USA v. Romel Wilson, No. 17-3618 (3d Cir. 2020)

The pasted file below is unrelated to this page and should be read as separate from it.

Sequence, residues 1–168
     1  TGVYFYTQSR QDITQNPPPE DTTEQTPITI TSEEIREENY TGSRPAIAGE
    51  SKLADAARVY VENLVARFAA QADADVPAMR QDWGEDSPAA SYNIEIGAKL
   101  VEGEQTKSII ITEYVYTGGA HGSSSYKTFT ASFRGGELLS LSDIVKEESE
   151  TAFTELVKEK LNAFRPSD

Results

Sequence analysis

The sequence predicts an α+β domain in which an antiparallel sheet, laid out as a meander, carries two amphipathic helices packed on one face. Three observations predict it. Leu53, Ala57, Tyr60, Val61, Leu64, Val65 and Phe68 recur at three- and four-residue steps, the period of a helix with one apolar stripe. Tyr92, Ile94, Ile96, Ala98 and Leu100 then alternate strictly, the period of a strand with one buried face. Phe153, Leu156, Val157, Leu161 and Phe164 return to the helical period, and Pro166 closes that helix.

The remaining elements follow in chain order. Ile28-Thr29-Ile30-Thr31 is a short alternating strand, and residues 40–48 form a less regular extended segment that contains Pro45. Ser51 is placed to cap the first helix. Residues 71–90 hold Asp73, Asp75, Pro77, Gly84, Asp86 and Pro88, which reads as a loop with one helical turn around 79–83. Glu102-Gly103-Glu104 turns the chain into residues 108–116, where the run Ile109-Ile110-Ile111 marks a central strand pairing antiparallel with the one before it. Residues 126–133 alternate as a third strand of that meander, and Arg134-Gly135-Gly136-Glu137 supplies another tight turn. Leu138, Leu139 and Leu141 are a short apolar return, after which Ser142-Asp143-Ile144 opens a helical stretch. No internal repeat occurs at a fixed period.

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NOT PRECEDENTIAL UNITED STATES COURT OF APPEALS FOR THE THIRD CIRCUIT ________________ No. 17-3618 ________________ UNITED STATES OF AMERICA v. ROMEL WILSON, Appellant ________________ Appeal from the United States District Court for the Western District of Pennsylvania (D.C. Criminal Action No. 2-15-cr-00257-001) District Judge: Honorable Donetta W. Ambrose ________________ Submitted under Third Circuit LAR 34.1(a) on July 9, 2019 Before: MCKEE, ROTH and RENDELL, Circuit Judges (Opinion filed February 3, 2020) ________________ OPINION ________________ ROTH, Circuit Judge This disposition is not an opinion of the full Court and pursuant to I.O.P. 5.7 does not constitute binding precedent. Romel Wilson appeals the sentence imposed by the United States District Court for the Western District of Pennsylvania. For the reasons that follow, we will affirm. I In April 2015, Wilson was arrested after selling crack cocaine and a mixture of heroin and fentanyl to an undercover Pittsburgh police officer, posing as a drug user. A search of Wilson’s vehicle uncovered two more bags of crack cocaine and $636 in addition to the buy money. Wilson was originally charged in state court. In connection with the same conduct, he was later indicted in federal court for possession with intent to distribute heroin, fentanyl, and crack cocaine in violation of 21 U.S.C. §§ 841(a)(1) and 841(b)(1)(C). In December 2015, following his federal indictment and the issuance of a federal arrest warrant, law enforcement officials decided to serve Wilson’s arrest warrant during another undercover buy. Wilson was arrested upon arriving at the location of the undercover buy.1 Wilson pled guilty to possession with intent to distribute heroin, fentanyl, and cocaine base. At the time he pled guilty, Wilson had four prior drug distribution convictions for possession with intent to deliver heroin and cocaine under 35 Pa. Stat. Ann. § 780-113(a)(30). As a result, the Presentence Report (PSR) characterized him as a “career offender” within the meaning of United States Sentencing Guidelines § 4B1.1. Based on his total offense level of 31 and his criminal history category of VI, the Guidelines range was calculated as 188 to 235 months’ imprisonment. 1 The Commonwealth of Pennsylvania nolle prossed all state charges against Wilson once the federal case was initiated. 2 Wilson expressed two main objections to the PSR: the factual descriptions of his prior convictions and his career-offender classification. Claiming the Guidelines range was “patently unreasonable,” Wilson moved for a downward departure for the alleged overstatement of his criminal history, arguing that his previous convictions were both non-violent and low-level. He also requested a downward variance, asking for a 96month sentence while the government sought a sentence within the Guidelines range of 188 to 235 months. A sentencing hearing was held in November 2017. The District Court overruled Wilson’s objections to the factual summaries in the PSR criminal history section and his career-offender designation. The court, however, did grant his requests for a downward departure, reducing his criminal history category from VI to V, and a downward variance in his offense level from 31 to 27, based on overstatement of his criminal history. His resulting Guidelines range was 120 to 150 months. After considering the sentencing factors set forth in 18 U.S.C. § 3553(a), the District Court imposed a sentence of 120 months, at the bottom of the range. In imposing the sentence, the District Court discussed Wilson’s history and characteristics, describing him as a “mixed bag” of bad and good.2 The court also emphasized deterrence, noting that “it does seem that there isn’t much that deters you from selling . . .. No amount of supervision, no threat of prosecution hanging over your head.”3 2 3 App. 223-24. App. 225. 3 At the conclusion of the sentencing hearing, Wilson’s counsel objected generally to the sentence as being “substantively or procedurally unreasonable.”4 Wilson appealed. II5 The parties disagree about the appropriate standard of appellate review. While Wilson contends that de novo review applies to his due process argument, the government maintains he never preserved the issue and thus faces plain error review. The government is correct. Our case law makes clear that an objection must be sufficiently specific to serve notice as to the underlying basis for the objection.6 Defense counsel’s objection was fatally vague. Where, as here, an objection is not preserved at sentencing, we review only for plain error.7 Under this standard, Wilson bears the burden of showing that an error (1) was made, (2) is clear or obvious, and (3) affects his substantial rights.8 Even if all three conditions are met, we exercise our discretion to correct the error only if it “seriously affects the fairness, integrity or public reputation of judicial proceedings.”9 4 App. 231. The District Court had jurisdiction under 18 U.S.C. § 3231. We have appellate jurisdiction pursuant to 28 U.S.C. § 1291. 6 United States v. Russell, 134 F.3d 171, 179 (3d Cir. 1998). 7 Fed. R. Crim. P. 52(b) provides that, in the absence of proper preservation, plain error review applies. The Supreme Court has held that appellate courts can review unpreserved objections for plain error only. United States v. Olano, 507 U.S. 725, 73133 (1993). 8 United States v. Miller, 833 F.3d 274, 283 (3d Cir. 2016); see also Olano, 507 U.S. at 734 (“‘Plain’ is synonymous with ‘clear’ or, equivalently, ‘obvious.’”). 9 United States v. Mateo-Medina, 845 F.3d 546, 550 (3d Cir. 2017) (citing United States v. Goodson, 544 F.3d 529, 539 (3d Cir. 2008)). 5 4 On the other hand, Wilson preserved his challenge to his career-offender designation. We exercise plenary review over objections to career-offender enhancements.10 III A Under the Due Process Clause, a defendant cannot be deprived of liberty based upon mere speculation.11 We have applied this principle in numerous cases, including United States v. Berry,12 upon which Wilson relies to argue that the court erred by speculating that incarceration deters drug trafficking and that his incapacitation would protect the community. In Berry, we found plain error where the sentencing court explicitly relied on unsupported speculation drawn from the defendants’ bare arrest records.13 Wilson argues that, just as the court in Berry improperly relied on unfounded speculation, here too, the District Court erred by relying on an inaccurate understanding of Wilson’s apparent failure to be deterred from drug trafficking. The government counters by pointing out that the District Court relied on information concerning Wilson as an individual, not on general statistics regarding drug traffickers. The government also 10 See United States v. Glass, 904 F.3d 319, 321 (3d Cir. 2018). United States v. Ferguson, 876 F. 3d 512, 515 (3d Cir. 2017). 12 553 F.3d 273 (3d Cir. 2009). 13 Id. at 281. 11 5 cited United States v. Ferguson,14 where we clarified the difference between improper reliance on information and acceptable reference to it.15 To show plain error, Wilson must be able to “bridge the gap between reference and reliance.”16 He is unable to do so. Although the District Court referred to deterrence, its sentencing decision was based on Wilson’s personal history of recidivism, not on general information from empirical studies. Moreover, earlier in the hearing, when the government speculated about the amount of heroin Wilson may have previously distributed, the District Court pushed back: “I can really only base my decision on what he’s here for and his criminal history.”17 Wilson has failed to demonstrate that the District Court relied on speculative information in violation of his due process rights. B Wilson also challenges his sentence on the ground that the District Court improperly designated him a “career offender” under Section 4B1.1 of the Guidelines based on his prior controlled substance convictions. Our recent decision in United States v. Daniels18 forecloses this argument. Wilson’s status as a career offender is dictated by his criminal record, which includes four prior felony drug-trafficking convictions in Pennsylvania in violation of § 14 876 F.3d 512 (3d Cir. 2017). Id. at 516. 16 Id. at 517. 17 App. 209. 18 915 F.3d 148 (3d Cir. 2019). 15 6 780-113(a)(30).19 Wilson contends that those convictions do not qualify as careeroffender predicates because a violation of § 780-113(a)(30) is broader than the generic definition of “controlled substance offense” under the Guidelines. Wilson’s argument fails. In United States v. Daniels, we addressed whether a conviction under § 780113(a)(30) constituted a predicate “serious drug offense” for purposes of the Armed Career Criminal Act (ACCA).20 We held that it did—that the ACCA’s definition of a “serious drug offense” encompasses attempts to manufacture, distribute, or possess with intent to manufacture or distribute a controlled substance—and affirmed the district court’s sentence.21 The same result applies here. Wilson contends Commonwealth v. Donahue, a Pennsylvania Superior Court case, supports his argument that § 780-113(a)(30) criminalizes a “mere offer to sell drugs,” and accordingly, that a Pennsylvania conviction for delivery of a controlled substance is broader than the Guidelines’ definition of a “controlled substance offense.” But this Court in Daniels rejected that very argument.22 In light of Daniels, we hold that the District Court correctly designated Wilson a “career offender” under the Guidelines. IV For the above reasons, we will affirm the judgment of the District Court. The statute outlaws “the manufacture, delivery, or possession with intent to manufacture or deliver, a controlled substance . . . or knowingly creating, delivering, or possessing with intent to deliver, a counterfeit controlled substance.” 20 915 F.3d at 149. 21 Id. 22 Id. at 164-65. 19 7